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Summary: Exploring the principles that make us more Christlike.

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What Does It Mean To Be Perfect?

Illustration:

(There was a young boy who had been writing God a note on how good he had been throughout the past year. He began by writing, “Dear God, I have been good for six months now and I think I deserve a good gift for Christmas.” Upon thinking about it he then scribbled out six months and replaced it with three months. Looking at the paper in frustration, after thinking about it some more, he scribbled out three months and changed it to two weeks. Upon further thought, he scribbled out two weeks. Staring blankly at the paper, he got an idea. He jumped up from where he had been writing the message and went to the family’s Nativity scene and grabbed the Virgin Mary. After sitting back down to write the message, its contents had now changed entirely. He wrote, “Dear God, if you ever want to see your mother again you’ll give me what I want.”)

Sometimes we can become a little like the young child in the illustration when it comes to our relationship with God. We can get a little selfish in our prayers and absorbed in our own little world. We sometimes say to God, “If you do this I’ll pray more…give more…stop my bad habits.” We barter with God as if by doing something in exchange we can earn a special treat from Him. God gifts are not earned; otherwise they would cease to be gifts. Yet we seem to think God operates on the same level we do. The scripture states that “For my thoughts are not your thoughts, neither are your ways my ways," declares the LORD. As the heavens are higher than the earth, so are my ways higher than your ways and my thoughts than your thoughts.” Isaiah 55:8-9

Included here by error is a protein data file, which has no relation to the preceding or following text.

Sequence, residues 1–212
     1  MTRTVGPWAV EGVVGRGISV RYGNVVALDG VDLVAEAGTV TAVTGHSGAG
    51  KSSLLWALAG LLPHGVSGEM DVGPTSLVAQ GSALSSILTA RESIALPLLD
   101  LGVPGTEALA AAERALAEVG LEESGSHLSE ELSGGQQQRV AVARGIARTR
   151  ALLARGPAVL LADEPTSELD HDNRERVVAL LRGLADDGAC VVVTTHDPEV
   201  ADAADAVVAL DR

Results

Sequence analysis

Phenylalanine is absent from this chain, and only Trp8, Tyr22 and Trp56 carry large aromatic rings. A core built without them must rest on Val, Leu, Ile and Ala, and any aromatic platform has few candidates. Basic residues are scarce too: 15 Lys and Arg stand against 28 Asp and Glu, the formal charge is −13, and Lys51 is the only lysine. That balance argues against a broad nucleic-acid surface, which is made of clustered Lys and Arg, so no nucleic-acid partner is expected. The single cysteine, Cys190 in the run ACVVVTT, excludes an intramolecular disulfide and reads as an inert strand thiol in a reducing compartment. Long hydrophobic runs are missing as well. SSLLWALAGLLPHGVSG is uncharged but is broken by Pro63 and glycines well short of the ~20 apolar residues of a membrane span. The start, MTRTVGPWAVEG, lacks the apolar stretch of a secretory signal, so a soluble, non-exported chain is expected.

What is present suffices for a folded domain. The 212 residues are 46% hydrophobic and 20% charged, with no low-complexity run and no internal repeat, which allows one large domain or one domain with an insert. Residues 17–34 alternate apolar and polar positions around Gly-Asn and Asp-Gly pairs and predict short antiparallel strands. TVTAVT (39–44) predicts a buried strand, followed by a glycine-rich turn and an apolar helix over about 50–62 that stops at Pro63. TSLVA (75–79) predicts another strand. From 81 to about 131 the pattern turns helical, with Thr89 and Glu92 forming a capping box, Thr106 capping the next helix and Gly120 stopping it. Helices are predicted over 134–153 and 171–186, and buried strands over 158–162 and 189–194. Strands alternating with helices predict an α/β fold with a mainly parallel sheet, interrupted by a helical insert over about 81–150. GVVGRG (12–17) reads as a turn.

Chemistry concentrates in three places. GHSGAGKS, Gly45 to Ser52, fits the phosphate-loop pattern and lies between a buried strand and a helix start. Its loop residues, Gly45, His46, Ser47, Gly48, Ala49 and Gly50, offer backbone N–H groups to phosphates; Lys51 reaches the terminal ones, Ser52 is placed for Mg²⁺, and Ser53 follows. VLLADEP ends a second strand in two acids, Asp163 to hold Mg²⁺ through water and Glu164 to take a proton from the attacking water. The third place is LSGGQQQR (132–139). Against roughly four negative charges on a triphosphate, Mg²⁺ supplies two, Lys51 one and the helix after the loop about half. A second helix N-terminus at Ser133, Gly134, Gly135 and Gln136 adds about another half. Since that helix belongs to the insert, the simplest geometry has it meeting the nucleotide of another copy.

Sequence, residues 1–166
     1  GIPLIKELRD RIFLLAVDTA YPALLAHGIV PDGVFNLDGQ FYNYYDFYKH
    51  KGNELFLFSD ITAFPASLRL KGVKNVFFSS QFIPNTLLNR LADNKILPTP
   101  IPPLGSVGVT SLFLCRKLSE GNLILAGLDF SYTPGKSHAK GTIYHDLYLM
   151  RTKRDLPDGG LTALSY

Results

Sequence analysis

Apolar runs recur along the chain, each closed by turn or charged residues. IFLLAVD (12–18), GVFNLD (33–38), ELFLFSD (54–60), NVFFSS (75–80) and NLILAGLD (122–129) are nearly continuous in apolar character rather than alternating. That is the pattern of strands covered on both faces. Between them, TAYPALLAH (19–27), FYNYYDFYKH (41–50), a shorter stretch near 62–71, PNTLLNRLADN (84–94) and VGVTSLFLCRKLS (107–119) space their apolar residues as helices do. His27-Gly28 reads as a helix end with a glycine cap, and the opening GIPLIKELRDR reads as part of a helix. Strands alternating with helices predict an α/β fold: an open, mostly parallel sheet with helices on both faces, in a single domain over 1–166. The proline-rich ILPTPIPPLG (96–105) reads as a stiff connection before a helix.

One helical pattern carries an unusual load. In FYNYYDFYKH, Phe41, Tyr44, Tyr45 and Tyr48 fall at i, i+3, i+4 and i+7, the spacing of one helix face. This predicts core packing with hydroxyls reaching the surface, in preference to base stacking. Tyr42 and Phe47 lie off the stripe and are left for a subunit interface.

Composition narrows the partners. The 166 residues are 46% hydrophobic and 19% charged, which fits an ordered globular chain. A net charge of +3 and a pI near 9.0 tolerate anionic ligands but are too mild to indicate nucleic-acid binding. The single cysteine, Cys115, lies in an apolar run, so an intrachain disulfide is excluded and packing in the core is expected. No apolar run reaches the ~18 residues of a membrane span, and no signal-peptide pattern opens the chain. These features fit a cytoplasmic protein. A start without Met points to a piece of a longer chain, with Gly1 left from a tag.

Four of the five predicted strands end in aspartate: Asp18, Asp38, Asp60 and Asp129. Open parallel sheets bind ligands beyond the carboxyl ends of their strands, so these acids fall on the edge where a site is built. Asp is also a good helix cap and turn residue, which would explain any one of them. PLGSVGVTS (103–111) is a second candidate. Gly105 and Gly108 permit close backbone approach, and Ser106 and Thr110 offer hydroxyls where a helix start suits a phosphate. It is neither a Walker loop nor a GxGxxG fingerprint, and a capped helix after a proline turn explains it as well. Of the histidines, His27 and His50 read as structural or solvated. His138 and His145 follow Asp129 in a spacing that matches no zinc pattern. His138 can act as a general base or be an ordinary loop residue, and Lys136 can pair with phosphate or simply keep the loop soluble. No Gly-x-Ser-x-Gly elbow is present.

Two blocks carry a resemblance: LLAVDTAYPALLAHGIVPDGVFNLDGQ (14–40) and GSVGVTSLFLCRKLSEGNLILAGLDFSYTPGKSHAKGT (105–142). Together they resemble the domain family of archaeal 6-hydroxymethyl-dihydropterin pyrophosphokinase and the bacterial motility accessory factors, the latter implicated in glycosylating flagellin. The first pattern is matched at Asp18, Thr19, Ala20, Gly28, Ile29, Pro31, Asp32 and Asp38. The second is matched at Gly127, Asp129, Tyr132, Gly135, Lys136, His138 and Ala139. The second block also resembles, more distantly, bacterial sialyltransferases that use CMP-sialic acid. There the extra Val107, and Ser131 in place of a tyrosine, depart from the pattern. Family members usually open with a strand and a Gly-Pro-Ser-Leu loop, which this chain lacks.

We do not need to, nor should we ever, barter for things with God. He knows what we need and he supplies them “according to His riches in glory.” The key point, though, that God demands from us as His children is that we “seek first His kingdom and His righteousness and THEN all these things shall be added to us.” Matthew 6:33 We need to first get our eyes off of seeking our kingdom and humble ourselves to understand what His kingdom needs and requires from us. St. Benedict of Nursia stated, “We descend by self-exaltation and ascend by humility.”

The first thing His kingdom requires from us is perfection in our attitudes towards God and our fellow man. This is a hard saying but I want to build upon the foundation of perfection in the sermon and then progress deeper into this truth. I want to say first and foremost, WE WILL NEVER ACHIEVE PERFECTION IN THIS BODY. That being said, how do you become perfect if you can never become perfect? Ultimately it boils down to the choices we make in our lives. We choose to be holy, we choose to be perfect, and when we fail, we must repent and change our lives and let God’s grace restore us to that place of perfection in Christ.

The Venerable Bede once said, “No one is suddenly made perfect.” This is a truth that is seldom explored in some churches. In some churches the current thought is that once you accept Christ, you immediately get rid of old habits, poor choices and bad lifestyles, and those who don’t meet the standards of the lifelong church-goer are shunned and kept outside the “saved” churchmen. These standards can be anything from clothing to appearance to “churchy” words.


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